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EDITIONS
Wednesday, 8 November, 2000, 18:20 GMT
Boost for pensioners
Pensioners and families look set to become one of the main beneficiaries of the chancellor's pre-Budget report - with 2.6bn more for the elderly.

All pensioners will receive an increase of 5 per week for a single person, and 8 per week for couples from 1 April, and a further increase of 3 per week and 4.80 per week respectively in the following year.


In the end, the justice and morality of a non-means tested decent basic state pension will be accepted by everybody

Rodney Bickestaffe, Unison
And the winter fuel allowance will also be increased to 200 per year, effective immediately.

The new child tax credit, which is to be introduced in April, will be raised to 10 a week, or 520 a year.

Meanwhile, the chancellor has targeted poorer pensioners with big rises in the minimum income guarantee.

He is to raise the means-tested income guarantee for pensioners from 78 a week to 92 a week, an additional 700 a year.


We want to end the means test for pensioners

MIchael Portillo, Shadow Chancellor
By 2003, the minimum income guarantee would be set at 100 a week for a single person, and it would continue to be raised in line with earnings.

And he announced that pensioner couples with incomes below 200, and single pensioners with 130 of weekly income, would receive the new pensioner credit.

But Shadow Chancellor Michael Portillo attacked the government's plans, saying that the Conservatives "would do better for pensioners."

Rejects link to earnings

The chancellor rejected calls to restore the link between earnings and the basic state pension, saying too much money would then go to pensioners who are well-off.

He had come under increasing pressure to restore the link from its own supporters, especially after the April increase in pensions came to a measly 75p a week.

At the Labour Party conference in October, delegates forced a debate on the issue and managed to defeat the government.

Since then, pensioners group have held sit-downs in Westminster, and appear to have gained much public support.

Mr Brown said that during a two year "transitional period," all pensioners would receive increases greater than inflation and indeed average earnings.

Rodney Bickerstaffe, the head of the public services union Unison, said that "in the end, the justice and morality of a non-means tested decent basic state pension will be accepted by everybody."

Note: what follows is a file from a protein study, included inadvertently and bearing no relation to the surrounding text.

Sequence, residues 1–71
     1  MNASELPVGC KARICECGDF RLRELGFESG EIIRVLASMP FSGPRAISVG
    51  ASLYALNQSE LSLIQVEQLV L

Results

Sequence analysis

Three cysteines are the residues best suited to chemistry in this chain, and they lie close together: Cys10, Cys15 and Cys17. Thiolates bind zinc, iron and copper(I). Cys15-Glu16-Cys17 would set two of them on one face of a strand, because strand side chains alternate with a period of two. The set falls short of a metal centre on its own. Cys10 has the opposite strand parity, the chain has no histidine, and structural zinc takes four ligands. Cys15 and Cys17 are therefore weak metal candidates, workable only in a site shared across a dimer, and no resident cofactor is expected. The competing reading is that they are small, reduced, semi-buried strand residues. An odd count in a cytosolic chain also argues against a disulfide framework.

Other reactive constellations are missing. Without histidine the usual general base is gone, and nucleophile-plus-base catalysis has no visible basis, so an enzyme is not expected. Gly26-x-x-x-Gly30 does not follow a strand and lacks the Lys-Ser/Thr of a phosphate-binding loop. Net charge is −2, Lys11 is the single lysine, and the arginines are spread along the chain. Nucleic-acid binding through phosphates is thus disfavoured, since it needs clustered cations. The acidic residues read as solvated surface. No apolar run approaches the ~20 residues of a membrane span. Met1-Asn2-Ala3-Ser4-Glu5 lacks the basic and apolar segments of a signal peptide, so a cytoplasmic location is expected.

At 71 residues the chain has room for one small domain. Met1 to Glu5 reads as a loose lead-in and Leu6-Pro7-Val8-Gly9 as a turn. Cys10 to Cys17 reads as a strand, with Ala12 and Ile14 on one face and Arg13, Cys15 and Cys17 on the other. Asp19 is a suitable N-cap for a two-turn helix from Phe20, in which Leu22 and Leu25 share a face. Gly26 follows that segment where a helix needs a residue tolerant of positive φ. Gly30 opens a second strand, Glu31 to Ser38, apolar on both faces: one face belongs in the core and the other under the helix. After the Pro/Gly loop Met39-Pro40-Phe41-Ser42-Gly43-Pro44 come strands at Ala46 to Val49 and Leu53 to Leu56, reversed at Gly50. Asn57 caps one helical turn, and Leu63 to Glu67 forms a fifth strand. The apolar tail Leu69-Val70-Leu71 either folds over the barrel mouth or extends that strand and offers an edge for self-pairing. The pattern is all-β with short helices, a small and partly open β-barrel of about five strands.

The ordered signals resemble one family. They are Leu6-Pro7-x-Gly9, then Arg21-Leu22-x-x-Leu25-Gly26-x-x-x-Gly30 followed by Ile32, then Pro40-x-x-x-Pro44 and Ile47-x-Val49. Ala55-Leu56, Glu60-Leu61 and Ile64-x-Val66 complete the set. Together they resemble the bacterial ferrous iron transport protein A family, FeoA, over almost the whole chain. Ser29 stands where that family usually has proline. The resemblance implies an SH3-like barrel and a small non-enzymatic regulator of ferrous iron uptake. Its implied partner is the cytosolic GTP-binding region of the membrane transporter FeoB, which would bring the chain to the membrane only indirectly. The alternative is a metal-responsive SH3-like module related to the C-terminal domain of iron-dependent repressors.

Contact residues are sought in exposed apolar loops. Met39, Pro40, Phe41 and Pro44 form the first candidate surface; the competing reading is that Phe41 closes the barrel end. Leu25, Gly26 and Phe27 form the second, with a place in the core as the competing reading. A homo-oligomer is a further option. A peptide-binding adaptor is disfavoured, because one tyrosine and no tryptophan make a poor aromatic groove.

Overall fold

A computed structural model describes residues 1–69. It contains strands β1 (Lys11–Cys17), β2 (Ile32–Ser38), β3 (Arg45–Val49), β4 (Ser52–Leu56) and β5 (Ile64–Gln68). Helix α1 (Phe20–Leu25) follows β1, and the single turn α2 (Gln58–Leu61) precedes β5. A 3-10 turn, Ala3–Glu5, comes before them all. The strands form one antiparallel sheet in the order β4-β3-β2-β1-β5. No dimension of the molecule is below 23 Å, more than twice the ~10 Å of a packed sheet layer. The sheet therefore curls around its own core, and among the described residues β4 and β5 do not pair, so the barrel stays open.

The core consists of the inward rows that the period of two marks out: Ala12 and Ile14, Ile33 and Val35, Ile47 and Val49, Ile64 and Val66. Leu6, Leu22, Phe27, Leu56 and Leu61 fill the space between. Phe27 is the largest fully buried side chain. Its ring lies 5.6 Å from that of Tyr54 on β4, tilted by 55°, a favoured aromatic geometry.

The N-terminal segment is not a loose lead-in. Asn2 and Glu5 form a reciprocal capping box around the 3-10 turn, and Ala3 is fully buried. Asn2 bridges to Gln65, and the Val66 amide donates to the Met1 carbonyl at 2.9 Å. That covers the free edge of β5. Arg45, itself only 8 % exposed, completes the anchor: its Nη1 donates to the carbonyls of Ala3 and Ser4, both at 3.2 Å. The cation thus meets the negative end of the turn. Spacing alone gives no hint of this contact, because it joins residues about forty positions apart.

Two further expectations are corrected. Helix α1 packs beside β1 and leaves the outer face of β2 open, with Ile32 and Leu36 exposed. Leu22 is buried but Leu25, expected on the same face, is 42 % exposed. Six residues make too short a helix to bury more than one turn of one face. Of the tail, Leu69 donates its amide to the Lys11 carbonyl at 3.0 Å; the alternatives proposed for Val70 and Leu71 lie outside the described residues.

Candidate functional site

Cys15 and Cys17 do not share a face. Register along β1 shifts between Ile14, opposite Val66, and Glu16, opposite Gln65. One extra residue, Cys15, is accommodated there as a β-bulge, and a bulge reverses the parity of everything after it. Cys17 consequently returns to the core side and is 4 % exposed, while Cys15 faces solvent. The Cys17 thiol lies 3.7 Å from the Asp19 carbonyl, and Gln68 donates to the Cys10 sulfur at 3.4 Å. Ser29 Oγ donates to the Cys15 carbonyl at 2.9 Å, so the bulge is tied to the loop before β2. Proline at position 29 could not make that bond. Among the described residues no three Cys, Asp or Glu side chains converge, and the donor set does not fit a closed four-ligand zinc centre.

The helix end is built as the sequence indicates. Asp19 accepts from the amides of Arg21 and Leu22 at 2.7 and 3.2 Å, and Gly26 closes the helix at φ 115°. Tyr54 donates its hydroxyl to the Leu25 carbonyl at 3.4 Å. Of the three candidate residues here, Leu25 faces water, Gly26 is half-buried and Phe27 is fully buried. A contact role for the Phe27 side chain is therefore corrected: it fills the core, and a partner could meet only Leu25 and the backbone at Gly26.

And Gary Kitchen of the National Pensioners Convention, said the rises would "do nothing to dampen pensioners' anger."

But some economists warned that even the linking of pensioner benefits to average earnings temporarily could be inflationary.

"This linking of pensions to the average earnings poses a significant risk for the long-term financing of public finances," said Steward Newnham of State Street Bank.

Minimum income guarantee

The second string in the government's plan to boost pensioner incomes is the minimum income guarantee, which is set to rise to 92 for a single person.

This is a targeted, means tested benefit, which pays for housing costs as well, but requires pensioners to declare details of their incomes and savings - and has proved unpopular with many of them.

But the Director General of Age Concern, Gordon Lishman, said: "The fact remains that most pensioners want a higher basic state pension rather than means-tested support.

"Up to three-quarters of a million of the poorest older people do not claim the income support they are entitled to, either for a lack of information or fear of stigma."

And the use of the minimum income guarantee has come under attack from the Conservatives, who argue that it is too intrusive and involves too much bureaucracy.

Mr Portillo said that he wanted to "end the means test for pensioners."

The government plans, which would extend means testing to savings, would lead to "indignity and humiliation" for more pensioners.

He said the Conservatives would consolidate all the government allowances in a single payment to pensioners, free of tax.

Pensioners credit

The third element in the government's plan to boost the income of pensioners is the pension credit, which will mean that pensioners with small savings will no longer be disqualified from received means-tested benefits, and could receive extra, tax-free payments.

The principle of this credit was announced in the Budget, but further details will be given by the Social Security Secretary Alaistair Darling.

Along with the new stakeholder pensions, which come into effect in April, the idea is to encourage people to save more for their own retirement without having to rely on the state.

It will apply to pensioners on lower incomes, whose small savings make them ineligble for addtional help.

 WATCH/LISTEN
 ON THIS STORY
General Secretary UNISON, Rodney Bickerstaffe
"I don't think the campaign will stop"
The BBC's Niall Dickson
"We actually have very large numbers of elderly people who are very well off""

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See also:

02 Nov 00 | Pre budget report
10 Oct 00 | UK Politics
28 Apr 00 | UK Politics
04 Oct 00 | Conservatives
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